Extremophiles are organisms that are able to survive and thrive in extreme environments, enduring conditions such as high salinity, temperature, and pressure. These organisms are found in habitats inhospitable for humans all over Earth, from boiling and acidic volcanic areas to the deep depths of the Mariana Trench. Extremophiles that have adapted to high pressures are known as piezophiles. An example of their adaptation is the ability to accumulate organic molecules that ensure stability within the cells by maintaining the fine balance of interactions between biomolecules, such as proteins and DNA, and water.
The compound Trimethylamine N-oxide (TMAO), is one such example of these organic molecules
Previous studies show that organisms living under comparable pressures have similar levels of TMAO within their cells. This link between TMAO and pressure suggests a universal protective mechanism for life at high pressures. Previous studies have proposed that the TMAO molecule acts indirectly, meaning that it does not act on the biomolecule itself, but instead influences the water molecules surrounding the biomolecule.
We need to understand what happens to water under pressure and how pressure-adapted organisms combat these effects. If we can understand how these organisms survive at extreme pressure, we can apply these findings to our understanding of biomolecular stability in extreme conditions. Also, it can help to further our knowledge on the role of solutes, such as TMAO, in protein-protein assemblies and liquid-liquid phase separation, including those linked to pressure-induced neurological disorders.
While scientists have previously explored how TMAO perturbs water structure, and have studied the impact of high pressure on water structure, the potentially competing combination of TMAO and pressure on water structure is not clear. If this combination of conditions is understood, scientists can further expand their knowledge on how life survives at extreme pressures, and particularly the role of TMAO on water and biomolecules.
Using the NIMROD instrument at ISIS, the team from the University of Leeds, supported by ISIS scientists Dr Tom Headen, Dr Tristan Youngs and Prof. Alan Soper, investigated samples of either pure water or water with TMAO at two different pressures – an ambient pressure of 25 bar and a high pressure of 4 kbar (equivalent to 4000 times the atmospheric pressure on Earth at sea level). Using a combination of neutron diffraction, computational modelling and custom analysis developed by ISIS Facility Development student Dr Harrison Laurent, the researchers were able to build a 3D picture of the positions of the atoms within the sample, revealing the interactions between TMAO and water under pressure.
Harrison said-“Neutrons are really powerful for this study as they interact with the nucleus of an atom, unlike x-rays which interact with the electron clouds, and they interact with isotopes differently (including hydrogen vs deuterium). As our study focused on water structure, the unparalleled ability of neutrons to reveal subtle changes in the positioning of hydrogens between water molecules is of crucial importance for our understanding." This experiment also illustrates the penetrative ability of neutrons which had to pass through the walls of a thick metal pressure cell in order to reach the liquid sample. Nevertheless, the internal structure of the liquid could still be clearly determined.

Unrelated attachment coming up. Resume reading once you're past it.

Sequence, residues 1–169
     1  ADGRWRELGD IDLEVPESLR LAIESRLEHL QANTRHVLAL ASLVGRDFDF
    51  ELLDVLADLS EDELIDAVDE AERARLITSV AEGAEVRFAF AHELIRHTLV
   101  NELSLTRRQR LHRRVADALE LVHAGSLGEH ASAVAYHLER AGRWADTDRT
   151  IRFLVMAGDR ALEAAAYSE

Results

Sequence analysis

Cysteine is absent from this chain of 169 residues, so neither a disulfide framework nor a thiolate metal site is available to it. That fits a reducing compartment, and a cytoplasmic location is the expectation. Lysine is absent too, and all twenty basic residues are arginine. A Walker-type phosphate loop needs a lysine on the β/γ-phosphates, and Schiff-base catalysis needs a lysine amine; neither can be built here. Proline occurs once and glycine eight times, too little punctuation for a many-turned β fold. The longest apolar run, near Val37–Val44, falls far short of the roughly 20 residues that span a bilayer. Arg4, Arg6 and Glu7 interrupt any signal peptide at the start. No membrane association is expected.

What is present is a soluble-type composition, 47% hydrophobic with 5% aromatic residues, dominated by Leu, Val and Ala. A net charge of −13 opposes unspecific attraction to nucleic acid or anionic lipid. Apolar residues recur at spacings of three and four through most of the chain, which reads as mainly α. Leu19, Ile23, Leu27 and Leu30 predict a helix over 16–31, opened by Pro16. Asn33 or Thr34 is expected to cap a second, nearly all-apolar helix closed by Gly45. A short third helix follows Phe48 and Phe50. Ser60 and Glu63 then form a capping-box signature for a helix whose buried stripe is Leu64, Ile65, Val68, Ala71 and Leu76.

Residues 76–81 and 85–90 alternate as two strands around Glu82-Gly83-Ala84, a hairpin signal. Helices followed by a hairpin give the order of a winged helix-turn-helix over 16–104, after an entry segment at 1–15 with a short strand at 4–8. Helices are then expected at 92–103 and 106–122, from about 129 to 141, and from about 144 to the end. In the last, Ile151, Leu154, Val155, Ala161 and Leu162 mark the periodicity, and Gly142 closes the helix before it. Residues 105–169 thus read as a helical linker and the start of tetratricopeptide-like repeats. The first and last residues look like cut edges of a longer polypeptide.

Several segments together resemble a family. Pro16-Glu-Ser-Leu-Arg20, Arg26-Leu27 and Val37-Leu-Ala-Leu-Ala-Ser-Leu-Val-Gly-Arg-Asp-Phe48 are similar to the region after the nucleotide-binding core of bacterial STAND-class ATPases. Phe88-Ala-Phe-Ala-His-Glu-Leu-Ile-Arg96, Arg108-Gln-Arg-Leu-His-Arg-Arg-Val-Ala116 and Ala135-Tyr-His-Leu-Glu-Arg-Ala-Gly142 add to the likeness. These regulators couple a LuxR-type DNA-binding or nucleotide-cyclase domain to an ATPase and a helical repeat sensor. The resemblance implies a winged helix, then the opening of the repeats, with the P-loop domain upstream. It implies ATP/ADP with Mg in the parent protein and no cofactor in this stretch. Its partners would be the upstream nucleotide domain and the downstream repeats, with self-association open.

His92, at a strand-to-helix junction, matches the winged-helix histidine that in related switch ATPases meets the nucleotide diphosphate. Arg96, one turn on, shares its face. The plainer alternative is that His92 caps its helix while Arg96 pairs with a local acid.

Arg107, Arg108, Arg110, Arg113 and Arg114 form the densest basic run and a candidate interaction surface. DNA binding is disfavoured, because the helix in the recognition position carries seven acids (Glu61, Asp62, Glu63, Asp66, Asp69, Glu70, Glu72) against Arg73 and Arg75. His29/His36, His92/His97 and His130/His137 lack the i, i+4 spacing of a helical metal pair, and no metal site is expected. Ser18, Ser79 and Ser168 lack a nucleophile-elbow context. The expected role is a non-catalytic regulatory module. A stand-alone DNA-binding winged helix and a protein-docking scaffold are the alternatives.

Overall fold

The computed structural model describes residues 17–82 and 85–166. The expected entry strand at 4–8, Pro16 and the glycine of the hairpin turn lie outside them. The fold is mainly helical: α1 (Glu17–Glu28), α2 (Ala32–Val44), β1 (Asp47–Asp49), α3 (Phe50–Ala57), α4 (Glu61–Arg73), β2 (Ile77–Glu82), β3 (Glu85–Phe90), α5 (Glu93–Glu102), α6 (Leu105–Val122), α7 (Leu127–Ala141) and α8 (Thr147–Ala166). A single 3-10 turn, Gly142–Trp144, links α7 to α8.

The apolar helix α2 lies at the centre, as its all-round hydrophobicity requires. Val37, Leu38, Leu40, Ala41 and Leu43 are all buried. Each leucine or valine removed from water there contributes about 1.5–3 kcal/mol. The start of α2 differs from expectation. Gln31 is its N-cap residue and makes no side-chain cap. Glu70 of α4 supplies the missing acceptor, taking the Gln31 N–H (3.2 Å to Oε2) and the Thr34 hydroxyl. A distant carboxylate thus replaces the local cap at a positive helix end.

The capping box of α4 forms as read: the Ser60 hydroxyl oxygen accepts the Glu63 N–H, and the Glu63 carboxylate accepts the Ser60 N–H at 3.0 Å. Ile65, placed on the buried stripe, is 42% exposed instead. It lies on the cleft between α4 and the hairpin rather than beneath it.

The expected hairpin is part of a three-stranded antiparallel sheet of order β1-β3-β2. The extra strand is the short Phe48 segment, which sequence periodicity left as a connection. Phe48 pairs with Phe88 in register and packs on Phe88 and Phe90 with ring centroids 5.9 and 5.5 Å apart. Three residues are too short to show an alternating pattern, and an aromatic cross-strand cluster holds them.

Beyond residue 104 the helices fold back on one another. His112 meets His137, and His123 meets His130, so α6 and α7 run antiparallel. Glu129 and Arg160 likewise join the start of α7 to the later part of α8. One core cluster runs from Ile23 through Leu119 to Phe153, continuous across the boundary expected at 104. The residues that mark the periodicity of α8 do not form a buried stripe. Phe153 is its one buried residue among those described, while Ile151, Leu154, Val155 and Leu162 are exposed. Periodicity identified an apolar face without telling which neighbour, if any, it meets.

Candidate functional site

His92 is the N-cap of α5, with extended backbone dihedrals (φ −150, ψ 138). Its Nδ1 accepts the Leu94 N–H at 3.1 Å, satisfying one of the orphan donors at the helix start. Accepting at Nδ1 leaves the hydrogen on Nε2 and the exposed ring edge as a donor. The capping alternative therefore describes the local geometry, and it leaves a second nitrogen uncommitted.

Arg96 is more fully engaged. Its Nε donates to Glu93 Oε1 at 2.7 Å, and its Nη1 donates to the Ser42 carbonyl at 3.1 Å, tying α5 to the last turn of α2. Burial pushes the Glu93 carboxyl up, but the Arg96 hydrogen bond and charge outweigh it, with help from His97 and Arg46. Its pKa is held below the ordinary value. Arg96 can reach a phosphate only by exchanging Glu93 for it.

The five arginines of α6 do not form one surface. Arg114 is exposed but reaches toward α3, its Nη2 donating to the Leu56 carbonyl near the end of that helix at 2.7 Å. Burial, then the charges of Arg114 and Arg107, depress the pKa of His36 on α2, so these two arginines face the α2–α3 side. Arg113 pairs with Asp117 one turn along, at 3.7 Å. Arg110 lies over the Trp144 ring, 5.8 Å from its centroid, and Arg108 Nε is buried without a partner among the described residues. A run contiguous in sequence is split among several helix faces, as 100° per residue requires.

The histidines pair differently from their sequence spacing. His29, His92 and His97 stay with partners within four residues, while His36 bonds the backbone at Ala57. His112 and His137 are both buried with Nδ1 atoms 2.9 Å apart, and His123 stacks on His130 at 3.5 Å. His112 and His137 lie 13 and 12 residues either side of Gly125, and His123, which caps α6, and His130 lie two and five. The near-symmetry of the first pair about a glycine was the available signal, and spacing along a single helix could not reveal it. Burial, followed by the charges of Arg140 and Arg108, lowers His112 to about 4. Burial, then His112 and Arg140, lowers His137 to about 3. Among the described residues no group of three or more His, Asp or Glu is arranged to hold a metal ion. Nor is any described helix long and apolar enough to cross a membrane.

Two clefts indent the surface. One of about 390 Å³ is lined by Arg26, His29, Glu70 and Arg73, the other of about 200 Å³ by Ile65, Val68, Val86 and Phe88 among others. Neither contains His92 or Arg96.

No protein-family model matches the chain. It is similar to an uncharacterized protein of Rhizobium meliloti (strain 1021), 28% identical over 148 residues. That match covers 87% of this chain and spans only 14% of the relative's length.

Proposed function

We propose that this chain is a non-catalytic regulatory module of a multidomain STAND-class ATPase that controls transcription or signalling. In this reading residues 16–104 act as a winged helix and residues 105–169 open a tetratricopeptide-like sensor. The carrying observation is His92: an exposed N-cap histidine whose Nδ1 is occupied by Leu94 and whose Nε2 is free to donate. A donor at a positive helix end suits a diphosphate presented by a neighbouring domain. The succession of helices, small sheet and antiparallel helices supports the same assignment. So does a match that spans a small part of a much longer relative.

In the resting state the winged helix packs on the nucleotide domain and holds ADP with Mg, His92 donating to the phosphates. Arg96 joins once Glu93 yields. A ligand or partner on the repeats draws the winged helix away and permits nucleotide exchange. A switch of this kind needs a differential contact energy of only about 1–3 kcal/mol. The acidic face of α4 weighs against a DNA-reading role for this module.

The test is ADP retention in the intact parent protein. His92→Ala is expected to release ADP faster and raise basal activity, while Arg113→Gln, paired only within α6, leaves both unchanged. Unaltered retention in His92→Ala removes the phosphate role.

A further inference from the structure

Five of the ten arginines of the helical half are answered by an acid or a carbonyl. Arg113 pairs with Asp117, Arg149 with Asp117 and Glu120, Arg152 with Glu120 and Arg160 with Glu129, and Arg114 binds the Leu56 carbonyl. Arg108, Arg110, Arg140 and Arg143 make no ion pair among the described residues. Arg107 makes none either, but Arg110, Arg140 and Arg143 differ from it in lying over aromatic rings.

Water has a tetrahedral structure which, when translated into a network, is sensitive to applied pressure. With increasing pressure, the tetrahedral network of water molecules collapses, and the structure becomes distorted, with the water-water hydrogen bonds becoming less stable. This can have an impact on biomolecules within organisms, as the hydrophilic and hydrophobic interactions between water molecules and biomolecules change.
The results show that TMAO acts to counteract the impact of high pressure, driving the water structure back to its ambient pressure-like conditions. TMAO does this by stabilising the water-water hydrogen bonding and resisting the destabilising effects of high external pressure. The molecule acts as an anchor point within the water network by providing a site to be able to form enhanced hydrogen bonds, which balances out the weaker water hydrogen bonding caused by increased pressure.
A chart showing the pressure-resisting ability of TMAO. This is calculated by considering the perturbation to bulk water-water hydrogen bonding by TMAO addition and pressure (red) through neutron scattering. Alongside is a figure showing the amount od TMAO in marine organisms relative to the pressure levels of where they inhabit.
Professor. Dougan said-“Previous studies have observed a scaling relationship between the amount of pressure-protecting molecule TMAO found in the muscle of organisms and the increasing depths (and pressures) they inhabit. Remarkably, we find that considering only the water and the impact of pressure and TMAO, we can recapture the scaling relationship between TMAO and pressure. Our study bridges single molecule perturbations to water with the whole organism studies of fish living at high pressures."
The team at the University of Leeds have created an animated video on their research and findings:
Supported by ESPRC and Royal Academy of Engineering, the team have also developed Maker kits which allows the public to explore this research. See Extreme Water Maker Kits for more information.
Written by Rupo Mapanga and Caitlin Convey.
The full paper can be found online at DOI: 10.1038/s42004-022-00726-z